Energy saving has been a crucial issue for sustainable development. During the past 300 years, economic development all over the world has relied on depletable petro-fossil fuels. Therefore, before new and substitute fuels become available, energy saving is a must in order to make economic growth possible. Asia-Pacific Economic Cooperation (APEC) economies include the fastest economies in the world and have attracted the most foreign capital, technology, as well as managerial know-how during the past 20 years. Fast-developing economies and fast-growing energy consumption definitely add pressure to petro-fossil fuels’ depletion. However, many people worry that drastic savings in energy will hamper economic growth. Therefore, finding efficient ESTs for APEC economies without reducing the potential maximum economic growth has become a very important issue. Ever since the Kyoto Protocol became effective in February 2005, reducing the consumption of fossil fuels has been a focal point of environmental policy in many economies including developed and developing ones (de Nooij et al., 2003). The energy system plays a central role in the interrelated economic, social, and environmental aims of sustainable human development (WCED, 1987). Energy issues must be integrated with environmental management to achieve sustainable development, especially for fast-developing economies. Energy efficiency improvement is the key to sustainable energy management. For example, European Union estimates that realizing 10–20% of efficiency potential in the European use of electricity would save 10–20 billion ECU annually in terms of fossil fuels use. In Malaysia, it is expected that aggressive deployment of energy efficiency could save about US$1.38 billion by 2015 (Keong, 2005). The economic energy efficiency potentials of various industries range from 2% to 18% in the United States in 2010, 5% to 40% in China in 2010, and 2.2% to 28.5% in Thailand 2005 (WEC et al., 2000). Hu and Wang (2006) also indicate that China can improve its energy efficiency in various regions without reducing its potential economic growth. These studies also show that developing economies have more energy efficiency potentials than developed ones. The Joint Economic Committee of the Congress of the United States (1981) proposed a commonly used indicator of energy inefficiency—the energy intensity as a direct ratio of the energy input to GDP. However, there has been widespread criticism of using energy intensity for measuring energy efficiency (Patterson, 1996). The main problem with energy/GDP, as pointed out by Wilson et al. (1994), is that it does not measure the underlying technical energy efficiency, which can lead to misleading conclusions. For example, the energy intensity may decrease solely because energy is substituted for labor, rather than any underlying deterioration in the technical energy efficiency (Patterson, 1996). Energy is the prime source of value, because other factors of production such as labor and capital cannot do without energy (Ghali and El-Sakka, 2004). The use of the energy efficiency indicator in conjunction with labor and capital can provide useful insights into whether or not energy inputs act as complements or substitutes to other inputs (Patterson, 1996). Given the limited availability of economically viable alternative energy sources, reducing total domestic energy use without sacrificing economic growth is an important issue for economies all over the world (de Nooij et al., 2003). ESTs are hence important for all economies. In the same way, energy efficiency improvement should rely on total factor productivity improvement (Boyd and Pang, 2000). Therefore, a multiple input–output model should be applied for evaluating an EST with a total-factor model. Data envelopment analysis (DEA) finds the efficient outputs and inputs in a total-factor framework. This technique makes use of information available in considering factors simultaneously. Efficiency is defined by the difference in the ‘best practice’ production frontier, as measured by DEA. The ‘best practice’ in the frontier is the benchmark to calculate the projected and possible energy saving for those not on the frontier. By comparing the relative practice of various inputs and output in different economies, we can identify the main amount (target) of energy saving likely to be found. Thus, the performance of the economies that have the ‘best practices’ can serve as a benchmark to evaluate a particular economy's energy consumption. A similar approach to construct abatement ratios from the total-factor framework can be found in Hu (2006) and Hu and Wang (2006). Few studies apply DEA to compare productivity and efficiency by considering energy use across countries: Färe et al. (2004) used DEA to construct an environmental performance index focusing on pollution. In their study, energy is just one part of the inputs that are taken into account. Since their major objective is to find a method considering undesirable outputs, they used output-oriented DEA models. Edvardsen and Førsund (2003) and Jamasb and Pollitt (2003) analyzed the benchmarking of the electricity industry in Europe and Northern Europe at the plant level. A special feature of this across economies study herein is that the data (for 1990s) are based on a sample of APEC economies at the economy level and the focus is on the use of energy. The causes of rapid Asian economic growth and its sustainability have generated considerable debates since the early 1990s (e.g., World Bank, 1993; Krugman, 1994; Kim and Lau, 1994 and Kim and Lau, 1995; Young, 1994 and Young, 1995; Chen, 1997; Drysdale and Huang, 1997; Krüger et al., 2000; Chang and Luh, 2000). Many economies have adopted energy efficiency policies and measures, but systematic information is only available for OECD economies. There is hence a significant need to improve energy efficiency policy collaboration among APEC economies and disseminate successful practices (APERC, 2002). As such, the energy efficiency among APEC economies is worth further studying. Focusing on the international association as a partnership in sharing technology and resources, we apply the DEA approach using multiple inputs containing capital, labor, and energy consumption in order to analyze the total-factor energy efficiency of APEC economies. This analysis computes the possible energy savings without reducing the maximum potential economic outputs for APEC economies. The paper is organized as follows: Section 2 explains how to identify the ‘best practice’ and construct the total-factor energy efficiency indicator based on DEA. Comparing with the frontier, the total adjustments of energy input can be obtained, and they calculate the energy-saving amount and ratio by comparing with the actual energy input in an individual economy. Section 3 includes summary statistics of the empirical data. Section 4 presents and discusses the empirical results. Finally, Section 5 concludes this paper.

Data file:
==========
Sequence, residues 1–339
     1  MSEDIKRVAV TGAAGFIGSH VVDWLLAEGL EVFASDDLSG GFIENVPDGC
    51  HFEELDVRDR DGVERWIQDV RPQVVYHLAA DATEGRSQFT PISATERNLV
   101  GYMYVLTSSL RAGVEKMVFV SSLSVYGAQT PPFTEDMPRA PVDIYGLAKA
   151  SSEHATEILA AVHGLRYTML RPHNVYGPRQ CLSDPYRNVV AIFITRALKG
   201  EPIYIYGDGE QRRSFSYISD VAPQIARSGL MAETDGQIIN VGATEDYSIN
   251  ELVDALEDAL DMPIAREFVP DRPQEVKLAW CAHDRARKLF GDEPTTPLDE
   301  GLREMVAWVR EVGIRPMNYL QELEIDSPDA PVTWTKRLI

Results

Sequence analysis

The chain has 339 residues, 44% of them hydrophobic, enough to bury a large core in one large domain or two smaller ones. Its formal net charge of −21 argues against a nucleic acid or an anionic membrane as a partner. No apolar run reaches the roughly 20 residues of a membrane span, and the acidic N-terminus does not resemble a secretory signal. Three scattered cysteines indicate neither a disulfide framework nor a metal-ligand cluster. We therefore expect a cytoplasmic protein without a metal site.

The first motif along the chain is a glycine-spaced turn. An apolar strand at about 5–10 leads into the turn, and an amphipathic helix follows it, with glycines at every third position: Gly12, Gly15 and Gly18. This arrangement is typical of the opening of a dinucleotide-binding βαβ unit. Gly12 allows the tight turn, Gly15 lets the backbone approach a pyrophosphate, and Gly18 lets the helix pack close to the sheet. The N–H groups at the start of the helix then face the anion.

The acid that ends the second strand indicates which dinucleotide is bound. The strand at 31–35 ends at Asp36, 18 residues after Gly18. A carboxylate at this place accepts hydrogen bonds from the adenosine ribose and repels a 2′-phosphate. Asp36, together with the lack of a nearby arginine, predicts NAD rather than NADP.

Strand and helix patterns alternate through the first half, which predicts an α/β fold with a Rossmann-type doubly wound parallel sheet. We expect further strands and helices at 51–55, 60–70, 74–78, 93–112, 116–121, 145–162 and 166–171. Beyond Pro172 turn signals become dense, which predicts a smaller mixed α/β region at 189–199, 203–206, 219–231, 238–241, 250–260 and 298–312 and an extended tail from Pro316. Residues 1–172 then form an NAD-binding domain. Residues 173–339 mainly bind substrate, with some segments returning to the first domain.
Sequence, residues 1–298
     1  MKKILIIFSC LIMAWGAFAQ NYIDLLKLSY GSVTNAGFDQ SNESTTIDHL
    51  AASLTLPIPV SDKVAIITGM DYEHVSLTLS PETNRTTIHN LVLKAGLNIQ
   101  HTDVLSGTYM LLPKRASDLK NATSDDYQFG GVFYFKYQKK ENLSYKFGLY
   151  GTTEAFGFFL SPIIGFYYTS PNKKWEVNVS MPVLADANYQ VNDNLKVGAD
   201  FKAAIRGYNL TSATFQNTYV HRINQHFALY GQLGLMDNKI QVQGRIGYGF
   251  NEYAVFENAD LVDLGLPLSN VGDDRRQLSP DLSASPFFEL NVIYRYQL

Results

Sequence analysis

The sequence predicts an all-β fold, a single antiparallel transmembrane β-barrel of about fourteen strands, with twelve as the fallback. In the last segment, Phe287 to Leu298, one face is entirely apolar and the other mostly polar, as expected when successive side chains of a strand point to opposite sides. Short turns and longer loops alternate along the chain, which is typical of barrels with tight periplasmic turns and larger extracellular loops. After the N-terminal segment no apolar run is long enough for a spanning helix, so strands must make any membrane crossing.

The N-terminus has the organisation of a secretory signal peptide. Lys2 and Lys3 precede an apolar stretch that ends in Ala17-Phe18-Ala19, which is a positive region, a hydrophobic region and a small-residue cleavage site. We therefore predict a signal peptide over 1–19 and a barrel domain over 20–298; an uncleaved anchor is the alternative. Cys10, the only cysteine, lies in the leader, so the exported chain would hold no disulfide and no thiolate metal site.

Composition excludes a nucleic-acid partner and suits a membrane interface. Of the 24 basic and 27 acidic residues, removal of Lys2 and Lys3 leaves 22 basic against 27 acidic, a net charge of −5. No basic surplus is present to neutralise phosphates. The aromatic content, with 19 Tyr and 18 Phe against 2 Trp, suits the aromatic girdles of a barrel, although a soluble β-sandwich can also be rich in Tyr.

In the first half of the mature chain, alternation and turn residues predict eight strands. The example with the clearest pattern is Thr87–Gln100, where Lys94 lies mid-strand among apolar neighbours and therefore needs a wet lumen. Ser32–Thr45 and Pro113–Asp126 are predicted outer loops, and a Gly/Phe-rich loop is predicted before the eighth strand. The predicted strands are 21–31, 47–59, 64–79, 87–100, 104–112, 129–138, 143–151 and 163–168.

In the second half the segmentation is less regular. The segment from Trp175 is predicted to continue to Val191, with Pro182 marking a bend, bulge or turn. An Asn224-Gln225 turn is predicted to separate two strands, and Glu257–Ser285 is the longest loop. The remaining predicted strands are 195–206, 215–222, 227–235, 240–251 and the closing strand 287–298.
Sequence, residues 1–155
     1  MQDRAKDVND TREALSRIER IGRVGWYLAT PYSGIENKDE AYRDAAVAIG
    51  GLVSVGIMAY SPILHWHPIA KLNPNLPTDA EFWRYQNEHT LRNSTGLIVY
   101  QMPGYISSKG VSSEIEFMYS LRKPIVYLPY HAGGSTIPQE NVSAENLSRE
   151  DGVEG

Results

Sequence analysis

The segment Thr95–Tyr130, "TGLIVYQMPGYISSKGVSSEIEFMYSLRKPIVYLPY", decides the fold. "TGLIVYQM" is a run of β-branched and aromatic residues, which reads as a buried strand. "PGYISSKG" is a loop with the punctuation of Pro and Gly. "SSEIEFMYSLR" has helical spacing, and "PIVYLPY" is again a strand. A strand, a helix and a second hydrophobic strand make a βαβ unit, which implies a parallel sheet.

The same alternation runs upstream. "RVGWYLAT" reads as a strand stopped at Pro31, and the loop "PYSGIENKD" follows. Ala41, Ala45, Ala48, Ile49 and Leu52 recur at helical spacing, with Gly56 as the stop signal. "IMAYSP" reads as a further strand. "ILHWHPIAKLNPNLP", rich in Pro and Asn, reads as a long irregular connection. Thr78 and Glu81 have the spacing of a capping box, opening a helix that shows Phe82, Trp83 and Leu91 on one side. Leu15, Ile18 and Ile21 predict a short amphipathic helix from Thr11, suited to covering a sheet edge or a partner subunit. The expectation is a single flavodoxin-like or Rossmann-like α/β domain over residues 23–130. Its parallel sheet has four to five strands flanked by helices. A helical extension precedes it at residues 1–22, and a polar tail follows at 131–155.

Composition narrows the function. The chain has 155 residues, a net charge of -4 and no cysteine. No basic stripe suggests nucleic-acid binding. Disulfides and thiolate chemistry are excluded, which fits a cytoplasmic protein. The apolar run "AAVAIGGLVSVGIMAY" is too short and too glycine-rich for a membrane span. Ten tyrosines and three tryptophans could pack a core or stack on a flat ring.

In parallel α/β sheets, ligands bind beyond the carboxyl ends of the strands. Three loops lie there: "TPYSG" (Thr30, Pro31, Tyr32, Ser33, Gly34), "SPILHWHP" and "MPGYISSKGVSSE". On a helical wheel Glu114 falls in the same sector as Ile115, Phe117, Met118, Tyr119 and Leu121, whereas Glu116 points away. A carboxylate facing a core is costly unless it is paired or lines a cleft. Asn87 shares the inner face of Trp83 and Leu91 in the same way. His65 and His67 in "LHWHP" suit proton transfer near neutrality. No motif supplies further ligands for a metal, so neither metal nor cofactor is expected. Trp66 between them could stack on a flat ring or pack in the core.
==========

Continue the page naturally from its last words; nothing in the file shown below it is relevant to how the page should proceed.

نتیجه گیری انگلیسی
In summary, this paper employs a total-factor framework to analyze the energy efficiency of APEC economies. The ESTs can be obtained by comparing the ideal input amount based on the ‘best practice’ of the production function and actual energy input. ESTR as a total-factor energy-saving efficiency indicator is constructed based on the theory of the frontier theory through DEA, which considers multiple input/output simultaneously. ESTR advises energy efficiency and EST without scarifying real economic output for every economy. When energy is the single input to produce GDP output, there might be an over-estimation or under-estimation of efficiency. The EST and ESTR constructed in this paper are better ways to compute the energy efficiency and also the energy-saving level. In terms of energy efficiency, APEC members have improved their energy efficiency. In particular, APEC's developed members have performed better than their developing counterparts. However, Canada appears to be inefficient behind other developed economies in terms of ESTR. Hong Kong, the Philippines, and the United States are the best performers among APEC economies with their zero ESTR. Chile, Mexico, and Taiwan caught up in the later 1990s. In contrast, China has the largest ESTR with the highest percentage of total ESTR among APEC economies. It can save half of its current energy consumption while keeping the same output level. Furthermore, the energy efficiencies of the South-East Asian economies are lower than average. In contrast, the Central and South American economies have lower ESTRs. An inverted U-shape relation is found between the ratio of per capita EST and per capita real income among APEC economies. The developed economies except for Canada own a better per capita income, and so the EST is a minimum concern. The same thing does not happen to developing economies since these economies consume more energy, but at a lower efficiency. According to these findings, the condition of energy efficiency and EST in the South-East Asian economies should be paid more attention. Developing economies can both pursue their urgent requirements for increased energy services and reduce their environmentally damaging emissions. They cannot exploit resources with ‘no regrets’ on the one hand, while wanting to reduce energy inputs and emissions in order to achieve a given outcome on the other hand. Sharing and transferring the knowledge, technology, and know-how from an efficient economy to an inefficient economy is costly in reality. However, those APEC economies with higher energy efficiency should help the less-efficient economies to improve their energy efficiency based on their kindness, regional cooperation, and international responsibility. Based the data of 2000, the target energy saving of all APEC economies is 418.15 Mtoe, taking 13.22% of their total energy consumption. The energy-saving amount will help APEC economies to reduce pollution emission and meet the principles of Kyoto Protocol. Developing and newly industrializing economies need not input more resources to maintain their economic growth, but can also save more energy for sustainable development. Energy efficiency can be promoted without reducing maximum potential GDPs by importing new technology, improving processes, and changing the industrial structure to reduce wasteful energy use. For example, energy efficiency can be improved by shifting from energy-intensive industries (such as mining, basic metals, chemicals, and petrochemicals) to less energy-intensive manufacturing and/or service industries, even without more effective energy end-use technologies being implemented. Even for the same sector, energy efficiency levels can be different across economies. Older power plants in many developing countries consume from 18% to 44% more fuels per kilowatt-hour of electricity produced than those in industrialized countries (Balce et al., 2001; Pearson and Fouquet, 1996). It is an interesting topic for future research to study how industry-level energy efficiency affects macro-level energy efficiency. However, this type of work needs detailed data for several industries across many economies. Due to data limitation, we can only find the retail prices of oil in 1997 for 17 economies from APERC (2000). However, there is neither a significant relation found between ESTR and the retail price of oil nor one between per capita EST and the retail price of oil. This may be because energy prices alone cannot determine the total energy efficiency and energy saving of an economy. The structure of energy mixes, energy efficiency, taxation, and relative prices for all energy resources includes the factors influencing energy use and the energy saving of an economy. Industrial structure, energy policies, energy consumption type, and treatments from an economic base can be further included. The efficiency frontier shift is another interesting topic to study, which can be conducted by DEA-Malmquist models. As long as the balance between economic growth and energy consumption is reached, sustainable development for APEC economies can be achieved.